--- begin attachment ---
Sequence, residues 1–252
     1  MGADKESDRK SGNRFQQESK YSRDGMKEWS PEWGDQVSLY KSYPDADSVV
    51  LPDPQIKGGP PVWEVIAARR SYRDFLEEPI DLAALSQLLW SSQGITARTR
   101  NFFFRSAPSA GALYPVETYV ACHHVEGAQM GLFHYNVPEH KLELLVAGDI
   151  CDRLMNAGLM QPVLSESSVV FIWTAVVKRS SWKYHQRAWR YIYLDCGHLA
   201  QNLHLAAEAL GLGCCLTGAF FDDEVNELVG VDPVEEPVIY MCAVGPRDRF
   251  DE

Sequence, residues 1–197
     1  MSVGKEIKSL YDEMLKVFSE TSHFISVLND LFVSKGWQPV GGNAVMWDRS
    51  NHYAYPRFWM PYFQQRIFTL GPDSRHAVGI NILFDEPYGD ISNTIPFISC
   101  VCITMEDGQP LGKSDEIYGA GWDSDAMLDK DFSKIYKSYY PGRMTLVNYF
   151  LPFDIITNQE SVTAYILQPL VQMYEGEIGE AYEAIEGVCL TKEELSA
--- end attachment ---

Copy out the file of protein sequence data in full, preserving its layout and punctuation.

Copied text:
Sequence, residues 1–252
     1  MGADKESDRK SGNRFQQESK YSRDGMKEWS PEWGDQVSLY KSYPDADSVV
    51  LPDPQIKGGP PVWEVIAARR SYRDFLEEPI DLAALSQLLW SSQGITARTR
   101  NFFFRSAPSA GALYPVETYV ACHHVEGAQM GLFHYNVPEH KLELLVAGDI
   151  CDRLMNAGLM QPVLSESSVV FIWTAVVKRS SWKYHQRAWR YIYLDCGHLA
   201  QNLHLAAEAL GLGCCLTGAF FDDEVNELVG VDPVEEPVIY MCAVGPRDRF
   251  DE

Sequence, residues 1–197
     1  MSVGKEIKSL YDEMLKVFSE TSHFISVLND LFVSKGWQPV GGNAVMWDRS
    51  NHYAYPRFWM PYFQQRIFTL GPDSRHAVGI NILFDEPYGD ISNTIPFISC
   101  VCITMEDGQP LGKSDEIYGA GWDSDAMLDK DFSKIYKSYY PGRMTLVNYF
   151  LPFDIITNQE SVTAYILQPL VQMYEGEIGE AYEAIEGVCL TKEELSA